Fantasy Football: Design the New Stadium’s Transportation Plan

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Yesterday, news broke that the City of Industry City Council unanimously voted to approve a plan to construct a new stadium to try and entice the Bills from Buffallo or the Raiders from Oakland.  Putting aside any arguments about whether this is a good idea, because it clearly isnt’, I thought it could create a fun weekend excercise for Streetsbloggers.  If you were the transportation engineer for this project, what would your plan for this stadium be?

Here’s what we know about the stadium’s transportation plans.  First, there are a heck of a lot of freeways near the site.  The I-57 and I-60 run on each side of the stadium, and the I-10, I-210, and I-605 all feed into those freeways locally.  Adjacent towns are threatening to sue to stop the project siting local traffic fears, and the developer responded by promising to widen local streets.  Personally, as someone who lived in East Rutherford, N.J., home to the New York Giants and Jets; the thought of 70,000 people sitting in their cars on the way to the stadium feels more like a recurring nightmare than anything else.

The good news?  There will be a Metrolink train that stops adjacent to the stadium, with shuttles between the station and the stadium.  They’re also planning a separate lot close to the stadium special for charter and transit buses.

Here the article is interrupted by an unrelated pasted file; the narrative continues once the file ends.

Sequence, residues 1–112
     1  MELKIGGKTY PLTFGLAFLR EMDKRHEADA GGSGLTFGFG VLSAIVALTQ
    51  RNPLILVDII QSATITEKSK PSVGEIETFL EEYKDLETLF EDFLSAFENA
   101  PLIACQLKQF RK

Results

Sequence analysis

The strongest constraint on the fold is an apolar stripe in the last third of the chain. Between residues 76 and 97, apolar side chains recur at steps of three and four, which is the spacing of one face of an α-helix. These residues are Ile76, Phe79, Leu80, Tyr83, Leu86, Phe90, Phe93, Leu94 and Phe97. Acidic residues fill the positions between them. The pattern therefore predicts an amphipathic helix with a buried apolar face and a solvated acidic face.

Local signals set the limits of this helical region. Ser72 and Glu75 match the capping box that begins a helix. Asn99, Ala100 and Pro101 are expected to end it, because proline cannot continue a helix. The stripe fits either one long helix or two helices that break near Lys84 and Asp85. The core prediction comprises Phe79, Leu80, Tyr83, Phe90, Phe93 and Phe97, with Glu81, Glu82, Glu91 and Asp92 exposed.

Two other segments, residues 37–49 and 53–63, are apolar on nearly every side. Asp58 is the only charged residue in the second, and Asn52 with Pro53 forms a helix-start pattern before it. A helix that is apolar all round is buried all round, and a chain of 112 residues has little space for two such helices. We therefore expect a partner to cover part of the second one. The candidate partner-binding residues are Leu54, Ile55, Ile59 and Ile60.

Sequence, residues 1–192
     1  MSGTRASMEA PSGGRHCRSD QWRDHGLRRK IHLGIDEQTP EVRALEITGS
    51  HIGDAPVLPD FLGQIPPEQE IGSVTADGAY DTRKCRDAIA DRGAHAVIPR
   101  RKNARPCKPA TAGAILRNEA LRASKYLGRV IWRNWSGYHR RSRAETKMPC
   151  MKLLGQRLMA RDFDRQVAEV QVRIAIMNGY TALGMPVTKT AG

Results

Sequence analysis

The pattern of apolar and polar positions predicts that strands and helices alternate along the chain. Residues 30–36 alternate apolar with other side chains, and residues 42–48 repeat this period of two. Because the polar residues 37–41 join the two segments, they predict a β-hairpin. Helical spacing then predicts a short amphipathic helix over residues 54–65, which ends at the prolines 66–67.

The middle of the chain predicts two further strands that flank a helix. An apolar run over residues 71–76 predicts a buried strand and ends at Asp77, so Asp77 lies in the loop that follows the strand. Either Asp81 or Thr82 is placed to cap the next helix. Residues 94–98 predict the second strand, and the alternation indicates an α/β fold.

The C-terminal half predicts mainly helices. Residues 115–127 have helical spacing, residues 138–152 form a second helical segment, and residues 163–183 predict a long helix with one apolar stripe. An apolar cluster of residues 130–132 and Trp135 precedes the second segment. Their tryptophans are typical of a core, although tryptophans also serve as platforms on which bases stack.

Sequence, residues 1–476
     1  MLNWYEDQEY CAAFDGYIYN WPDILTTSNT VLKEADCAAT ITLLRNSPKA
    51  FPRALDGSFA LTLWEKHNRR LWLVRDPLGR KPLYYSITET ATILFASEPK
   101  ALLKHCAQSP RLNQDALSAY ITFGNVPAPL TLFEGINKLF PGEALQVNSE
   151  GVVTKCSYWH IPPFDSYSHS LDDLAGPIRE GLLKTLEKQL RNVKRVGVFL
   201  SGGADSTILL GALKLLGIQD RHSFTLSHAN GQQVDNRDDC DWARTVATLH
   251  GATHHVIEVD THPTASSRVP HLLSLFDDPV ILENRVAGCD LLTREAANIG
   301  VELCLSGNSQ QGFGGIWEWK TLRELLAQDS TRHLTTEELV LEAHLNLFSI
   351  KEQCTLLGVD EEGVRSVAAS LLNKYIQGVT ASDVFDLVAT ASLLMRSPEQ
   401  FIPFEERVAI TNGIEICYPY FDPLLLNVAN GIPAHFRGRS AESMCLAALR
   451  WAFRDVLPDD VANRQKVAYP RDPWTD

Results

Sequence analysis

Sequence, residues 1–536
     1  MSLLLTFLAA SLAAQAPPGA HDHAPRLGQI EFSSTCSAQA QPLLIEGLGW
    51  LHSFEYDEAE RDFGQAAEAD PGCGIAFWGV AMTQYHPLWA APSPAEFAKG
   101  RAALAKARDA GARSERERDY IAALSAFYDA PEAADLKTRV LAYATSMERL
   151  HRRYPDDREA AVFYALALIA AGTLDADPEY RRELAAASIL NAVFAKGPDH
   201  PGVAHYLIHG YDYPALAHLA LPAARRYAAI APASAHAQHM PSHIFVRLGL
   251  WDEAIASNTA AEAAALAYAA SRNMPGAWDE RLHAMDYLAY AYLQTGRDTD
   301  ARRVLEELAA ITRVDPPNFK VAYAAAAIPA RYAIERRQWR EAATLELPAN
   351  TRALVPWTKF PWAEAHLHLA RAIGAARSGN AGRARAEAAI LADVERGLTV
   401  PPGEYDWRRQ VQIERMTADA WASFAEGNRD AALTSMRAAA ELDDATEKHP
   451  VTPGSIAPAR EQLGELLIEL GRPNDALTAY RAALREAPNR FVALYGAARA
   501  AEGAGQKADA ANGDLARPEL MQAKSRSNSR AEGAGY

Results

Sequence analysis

After the jump, you can see my transportation plan for the stadium.

First off, having a transit option to the stadium is great; after all it’s better than some sports teams are doing.  But to really make transit work, you need to promote it.  The New York Mets actually doubled transit ridership to their games just by promoting the heck out of transit on commercials and during game broadcasts.  Other teams have had similar success by offering discounts if you buy a transit pass at the time of buying a ticket, and others sell parking spaces with tickets.  If they run out of spaces, they run out of spaces and the buyer has to figure out another way to get to the stadium.

Second, the development needs to be bicycle and pedestrian friendly.  I know it’s difficult to picture acres and acres of asphalt parking as "pedestrian friendly;" but there is a lot that can be done to make it better.  For example, the developer should provide separate and protected paths so pedestrians and cyclists are both safe and comfortable.  The potential team could even turn the walkways in to part of the experience by having events, booths and food stands.

Third, the planner should protect the towns adjacent to the stadium.  Widening the local roads is only going to increase ticket holders desire to skip the freeways and drive though these towns to the stadium.  Unless I needed to hop on the freeway, I couldn’t tell you whether there was a game at Giants’ Stadium because East Rutherford didn’t increase its local traffic capacity when the stadium was built.

So there are my thoughts, what are yours?